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- An Election Reflection
- Nation to Campus: Subjectivity and the Constitution
- Wasteful ways
- Students struggles at the polls
- So long, Rick Grimes?
- Will Part Time get the recognition they deserve?
- ‘Lotta ties, lotta ties’
- Crossing the line
- This pattern of abuse is preventable
Parking issues persist
301 violations in September
Students assigned to park at Westwoods have been illegally parking on the Hilltop parking lot. Some students purchased Hilltop parking decals from students assigned to the area, according to Public Safety.
“Students caught committing fraud will have a student conduct hearing and will either lose their parking privileges completely or be issued another decal and will have limited parking privileges,” Chief of Public Safety David Barger said.
A total of 301 parking violations have been issued to students who failed to comply with parking assignments in September, according to Barger. Of that total, 26 of those tickets have been issued to violators on Hilltop and Hill Village Circle.
Hilltop has 613 parking spaces available at the beginning of each semester while Westwoods consists of 360 spaces, Barger revealed.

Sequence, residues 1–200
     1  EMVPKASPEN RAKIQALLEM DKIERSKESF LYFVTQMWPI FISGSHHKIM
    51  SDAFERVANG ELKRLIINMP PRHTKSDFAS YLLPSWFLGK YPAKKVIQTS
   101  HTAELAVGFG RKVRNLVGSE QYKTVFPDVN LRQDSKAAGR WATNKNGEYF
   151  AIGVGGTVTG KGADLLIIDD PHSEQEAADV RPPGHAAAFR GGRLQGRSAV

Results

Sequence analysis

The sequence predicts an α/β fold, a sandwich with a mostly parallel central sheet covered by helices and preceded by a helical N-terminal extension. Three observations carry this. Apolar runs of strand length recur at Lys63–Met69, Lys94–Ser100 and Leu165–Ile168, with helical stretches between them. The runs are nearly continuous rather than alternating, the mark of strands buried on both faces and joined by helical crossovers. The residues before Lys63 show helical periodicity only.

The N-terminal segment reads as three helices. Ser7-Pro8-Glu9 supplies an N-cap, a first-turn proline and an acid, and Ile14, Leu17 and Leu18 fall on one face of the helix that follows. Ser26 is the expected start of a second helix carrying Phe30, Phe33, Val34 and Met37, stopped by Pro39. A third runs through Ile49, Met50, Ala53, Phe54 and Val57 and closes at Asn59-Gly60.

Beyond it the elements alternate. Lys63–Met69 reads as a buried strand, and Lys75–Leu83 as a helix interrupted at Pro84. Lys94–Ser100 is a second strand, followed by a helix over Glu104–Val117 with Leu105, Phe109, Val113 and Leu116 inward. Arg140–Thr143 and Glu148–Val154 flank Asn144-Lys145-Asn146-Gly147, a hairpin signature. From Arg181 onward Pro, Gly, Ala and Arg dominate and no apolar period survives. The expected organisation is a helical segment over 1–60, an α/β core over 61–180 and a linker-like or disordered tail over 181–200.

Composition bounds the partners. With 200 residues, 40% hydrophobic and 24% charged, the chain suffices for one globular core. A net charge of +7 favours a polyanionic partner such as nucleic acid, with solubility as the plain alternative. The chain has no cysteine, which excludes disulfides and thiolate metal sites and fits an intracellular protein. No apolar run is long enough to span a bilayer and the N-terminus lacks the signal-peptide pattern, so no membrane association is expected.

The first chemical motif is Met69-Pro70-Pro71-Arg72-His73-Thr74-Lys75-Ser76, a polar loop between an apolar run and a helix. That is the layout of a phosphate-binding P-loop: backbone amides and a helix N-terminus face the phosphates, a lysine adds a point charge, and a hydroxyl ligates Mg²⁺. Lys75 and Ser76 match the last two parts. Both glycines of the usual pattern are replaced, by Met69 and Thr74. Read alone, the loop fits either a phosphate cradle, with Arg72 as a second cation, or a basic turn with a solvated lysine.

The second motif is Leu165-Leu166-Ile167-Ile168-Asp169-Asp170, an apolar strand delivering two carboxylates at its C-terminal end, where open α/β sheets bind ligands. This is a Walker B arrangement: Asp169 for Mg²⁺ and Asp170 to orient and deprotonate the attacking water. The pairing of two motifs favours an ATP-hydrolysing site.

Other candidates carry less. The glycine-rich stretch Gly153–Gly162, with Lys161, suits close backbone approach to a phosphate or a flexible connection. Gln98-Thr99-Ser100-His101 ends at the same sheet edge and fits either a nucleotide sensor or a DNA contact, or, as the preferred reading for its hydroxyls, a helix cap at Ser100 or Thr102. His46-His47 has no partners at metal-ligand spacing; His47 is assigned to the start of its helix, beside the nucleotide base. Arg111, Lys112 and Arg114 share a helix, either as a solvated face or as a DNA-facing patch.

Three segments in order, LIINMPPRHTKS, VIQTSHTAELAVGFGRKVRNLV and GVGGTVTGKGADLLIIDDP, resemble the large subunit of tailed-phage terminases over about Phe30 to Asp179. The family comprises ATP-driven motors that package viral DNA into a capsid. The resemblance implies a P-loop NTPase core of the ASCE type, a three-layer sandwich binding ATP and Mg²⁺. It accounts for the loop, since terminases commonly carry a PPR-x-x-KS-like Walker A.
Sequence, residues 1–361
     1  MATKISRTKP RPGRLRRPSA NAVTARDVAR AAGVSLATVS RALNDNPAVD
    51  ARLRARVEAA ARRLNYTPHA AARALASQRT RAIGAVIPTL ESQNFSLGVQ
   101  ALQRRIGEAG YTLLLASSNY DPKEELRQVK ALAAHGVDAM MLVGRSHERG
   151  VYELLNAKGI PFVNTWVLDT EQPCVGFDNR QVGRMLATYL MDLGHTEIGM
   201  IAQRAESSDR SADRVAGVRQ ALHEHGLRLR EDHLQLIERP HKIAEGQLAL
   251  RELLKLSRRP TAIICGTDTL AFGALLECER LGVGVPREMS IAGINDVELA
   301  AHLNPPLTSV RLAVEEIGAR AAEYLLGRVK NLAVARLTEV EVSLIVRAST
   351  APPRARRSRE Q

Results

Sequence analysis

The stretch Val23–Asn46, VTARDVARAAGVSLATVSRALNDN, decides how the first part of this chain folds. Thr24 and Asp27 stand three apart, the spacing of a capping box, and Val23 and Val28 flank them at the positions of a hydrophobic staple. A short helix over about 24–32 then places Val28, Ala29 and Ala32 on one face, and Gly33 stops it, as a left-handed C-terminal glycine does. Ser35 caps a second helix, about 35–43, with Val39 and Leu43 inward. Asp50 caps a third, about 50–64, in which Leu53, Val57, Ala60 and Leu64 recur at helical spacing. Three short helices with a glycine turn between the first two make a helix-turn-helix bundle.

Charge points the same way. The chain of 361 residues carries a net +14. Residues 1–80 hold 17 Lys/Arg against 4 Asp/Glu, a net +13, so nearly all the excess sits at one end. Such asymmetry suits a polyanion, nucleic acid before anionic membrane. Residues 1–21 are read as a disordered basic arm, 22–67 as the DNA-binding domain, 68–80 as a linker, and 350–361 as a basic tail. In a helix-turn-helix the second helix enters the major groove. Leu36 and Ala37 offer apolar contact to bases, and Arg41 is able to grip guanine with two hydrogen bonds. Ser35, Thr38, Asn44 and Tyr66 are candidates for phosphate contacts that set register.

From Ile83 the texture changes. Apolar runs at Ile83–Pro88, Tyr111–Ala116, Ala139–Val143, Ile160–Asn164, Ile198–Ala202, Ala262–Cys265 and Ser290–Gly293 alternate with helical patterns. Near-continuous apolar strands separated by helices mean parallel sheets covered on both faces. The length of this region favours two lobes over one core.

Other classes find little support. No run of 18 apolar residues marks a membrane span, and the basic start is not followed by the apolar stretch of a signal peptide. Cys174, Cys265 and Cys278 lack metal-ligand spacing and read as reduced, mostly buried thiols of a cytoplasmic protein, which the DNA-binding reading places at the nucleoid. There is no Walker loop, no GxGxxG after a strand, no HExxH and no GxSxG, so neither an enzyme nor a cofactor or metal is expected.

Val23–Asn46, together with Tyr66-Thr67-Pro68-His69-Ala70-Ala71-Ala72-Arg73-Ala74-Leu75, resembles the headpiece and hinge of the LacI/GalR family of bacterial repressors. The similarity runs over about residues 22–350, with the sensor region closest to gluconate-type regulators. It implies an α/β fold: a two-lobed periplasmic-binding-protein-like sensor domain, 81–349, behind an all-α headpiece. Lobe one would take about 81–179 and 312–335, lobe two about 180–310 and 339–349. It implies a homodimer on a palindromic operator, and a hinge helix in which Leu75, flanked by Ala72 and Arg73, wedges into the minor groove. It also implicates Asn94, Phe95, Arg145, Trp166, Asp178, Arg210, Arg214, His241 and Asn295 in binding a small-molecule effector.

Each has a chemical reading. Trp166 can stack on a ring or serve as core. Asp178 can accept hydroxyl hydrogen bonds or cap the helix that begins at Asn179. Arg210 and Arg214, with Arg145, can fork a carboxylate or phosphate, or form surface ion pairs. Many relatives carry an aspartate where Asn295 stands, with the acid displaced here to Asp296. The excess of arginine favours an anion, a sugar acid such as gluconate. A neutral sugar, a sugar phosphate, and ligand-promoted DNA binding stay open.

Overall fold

The Hilltop parking lot is on the Mount Carmel campus and the Westwoods lot is by the Polling Institute across Whitney Avenue. Sophomore Brooke Artz said it is more convenient to part at Hilltop.
“It’s more time consuming waiting for a shuttle to take you to Westwoods [when] Hilltop is right there,” Artz said.
Sophomore health science major Erica Magalhaes received a $40 parking ticket for parking on Hilltop instead of Westwoods after leaving a meeting later than she anticipated.
“I was a little scared of going [to Westwoods] and waiting for the shuttle that late at night, alone, so I left my car at Hilltop for the night thinking that there would be no problem,” Magalhaes said. “I just don’t think you should have to pay a ticket for parking in the wrong lot for a night or two.”
Yet, parking is a privilege, not a right, Barger said.
“Parking has been and will continue to be an issue as long as drivers feel that parking is a right,” Barger said. “Parking is a privilege whether or not parking is limited, abundant or free. The university has ample parking; the unfortunate part is that the numbers of parking spaces that are convenient are much smaller in number.”
At the beginning of this semester, Quinnipiac introduced a new barcode system designed to make the process of checking for parking violations more accessible.
There is also a system used to assign students to specific lots, Barger said. The student parking lot assignments are determined by the number of years attended, credits and residence location for each student.